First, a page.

Reaction Engines has received £60m in government funding to continue the development of its SABRE rocket engine, a technology expected to lead to fully reusable single-stage space launchers.
Identified as a high priority project by the treasury in June 2013, SABRE (Synergistic Air Breathing Rocket Engine) will significantly reduce the cost of accessing space by greatly reducing the amount of onboard oxidizer required for propulsion.
Instead, the engine is designed to extract the oxygen it needs for low atmosphere flight from air. Reaching Mach 5 at 26,000 feet, a SABRE engine could then switch to full rocket mode to reach orbit, using on-board fuel supplies.
This advantage would enable a vehicle using SABRE engines to fly lighter from the outset and to make a single leap to orbit, rather than using and dumping propellant stages on the ascent.
This would pave the way for a new generation of spaceplanes which would be lighter, reusable and able to take off and launch from conventional airport runways. Formed in 1989, Reaction Engines’ concept for an 84m-long, unpiloted vehicle called Skylon would be one such spaceplane.
In a statement company founder Alan Bond said, ‘Thanks to the government’s support, Reaction Engines Ltd – a private company, and a great example of British enterprise – will now be able move to the next phase in the development of its engine and heat management technology…Our proven revolutionary technology is the result of two decades of hard work and has the potential to change the world just as the jet engine did.’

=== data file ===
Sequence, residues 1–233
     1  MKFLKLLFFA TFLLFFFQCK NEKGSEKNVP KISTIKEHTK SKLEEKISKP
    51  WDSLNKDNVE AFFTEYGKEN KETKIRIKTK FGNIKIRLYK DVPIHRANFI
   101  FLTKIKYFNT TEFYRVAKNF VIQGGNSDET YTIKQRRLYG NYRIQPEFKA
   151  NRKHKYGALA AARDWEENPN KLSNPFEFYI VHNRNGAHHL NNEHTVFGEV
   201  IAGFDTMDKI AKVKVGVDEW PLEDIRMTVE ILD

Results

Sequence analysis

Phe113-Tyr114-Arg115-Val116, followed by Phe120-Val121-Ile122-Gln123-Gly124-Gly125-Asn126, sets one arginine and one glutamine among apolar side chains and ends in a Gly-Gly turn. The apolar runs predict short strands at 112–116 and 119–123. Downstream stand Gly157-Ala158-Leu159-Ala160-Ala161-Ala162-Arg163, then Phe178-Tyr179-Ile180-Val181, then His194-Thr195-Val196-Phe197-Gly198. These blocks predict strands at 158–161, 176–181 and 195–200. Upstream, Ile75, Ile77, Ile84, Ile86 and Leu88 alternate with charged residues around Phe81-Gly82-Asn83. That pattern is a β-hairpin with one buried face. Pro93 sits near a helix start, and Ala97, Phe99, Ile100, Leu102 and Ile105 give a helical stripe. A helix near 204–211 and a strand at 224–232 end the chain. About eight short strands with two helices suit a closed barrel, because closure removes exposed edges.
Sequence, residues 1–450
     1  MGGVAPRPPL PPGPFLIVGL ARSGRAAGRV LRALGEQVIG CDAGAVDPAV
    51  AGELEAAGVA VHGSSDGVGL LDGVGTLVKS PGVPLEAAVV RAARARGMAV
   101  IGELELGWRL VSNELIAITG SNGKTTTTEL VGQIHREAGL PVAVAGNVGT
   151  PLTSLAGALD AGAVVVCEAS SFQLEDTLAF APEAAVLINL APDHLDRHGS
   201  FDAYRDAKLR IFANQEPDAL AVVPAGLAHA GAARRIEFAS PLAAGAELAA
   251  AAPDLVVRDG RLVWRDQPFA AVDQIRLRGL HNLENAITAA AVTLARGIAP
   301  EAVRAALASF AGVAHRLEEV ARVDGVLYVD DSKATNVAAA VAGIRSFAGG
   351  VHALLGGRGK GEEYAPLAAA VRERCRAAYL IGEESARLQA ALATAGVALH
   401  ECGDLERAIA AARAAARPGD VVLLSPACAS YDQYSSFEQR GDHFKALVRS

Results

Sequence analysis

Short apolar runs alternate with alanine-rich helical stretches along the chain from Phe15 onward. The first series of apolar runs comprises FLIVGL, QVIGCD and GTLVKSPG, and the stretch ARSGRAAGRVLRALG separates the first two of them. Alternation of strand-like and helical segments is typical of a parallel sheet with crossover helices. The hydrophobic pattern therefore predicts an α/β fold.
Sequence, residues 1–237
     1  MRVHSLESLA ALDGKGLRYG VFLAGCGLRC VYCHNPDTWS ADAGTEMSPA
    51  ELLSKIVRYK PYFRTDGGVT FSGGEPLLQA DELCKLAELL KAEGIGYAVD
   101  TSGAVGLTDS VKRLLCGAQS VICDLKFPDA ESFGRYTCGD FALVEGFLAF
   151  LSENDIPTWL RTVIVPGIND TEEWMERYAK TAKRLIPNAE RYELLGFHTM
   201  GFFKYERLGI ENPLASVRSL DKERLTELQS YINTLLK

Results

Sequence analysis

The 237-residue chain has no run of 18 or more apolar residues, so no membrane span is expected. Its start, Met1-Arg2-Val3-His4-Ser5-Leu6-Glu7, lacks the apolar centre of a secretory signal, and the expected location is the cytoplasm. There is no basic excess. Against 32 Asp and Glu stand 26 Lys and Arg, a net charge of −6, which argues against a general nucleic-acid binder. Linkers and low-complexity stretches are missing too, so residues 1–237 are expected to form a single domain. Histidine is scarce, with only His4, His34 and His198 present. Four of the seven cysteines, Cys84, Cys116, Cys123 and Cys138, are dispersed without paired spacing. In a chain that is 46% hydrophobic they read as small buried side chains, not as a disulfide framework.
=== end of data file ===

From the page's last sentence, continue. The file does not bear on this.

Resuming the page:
The £60m invested by government through the UK Space Agency is expected to help in attracting the remainder of the investment capital needed for full engine development. It will be staged over two years, with £35m in 2014/2015 and £25m in 2015/2016. The commercial investment will look to capture several times the initial investment as part of a three-to-five year programme.
A prototype SABRE is expected by 2017, and flight tests for the engine around 2020.
Four year plan
The government’s investment will be spent on four major elements of the SABRE engine development each of which is critical to realising the full production engine design at the end of the project:
- the heart of the investment will be the SABRE engine technical design work
- Improving the lightweight heat exchanger technology and manufacturing capability
- wind tunnel and flight testing of SABRE engine components
- and a significant part of the programme will be a ground demonstration of the engine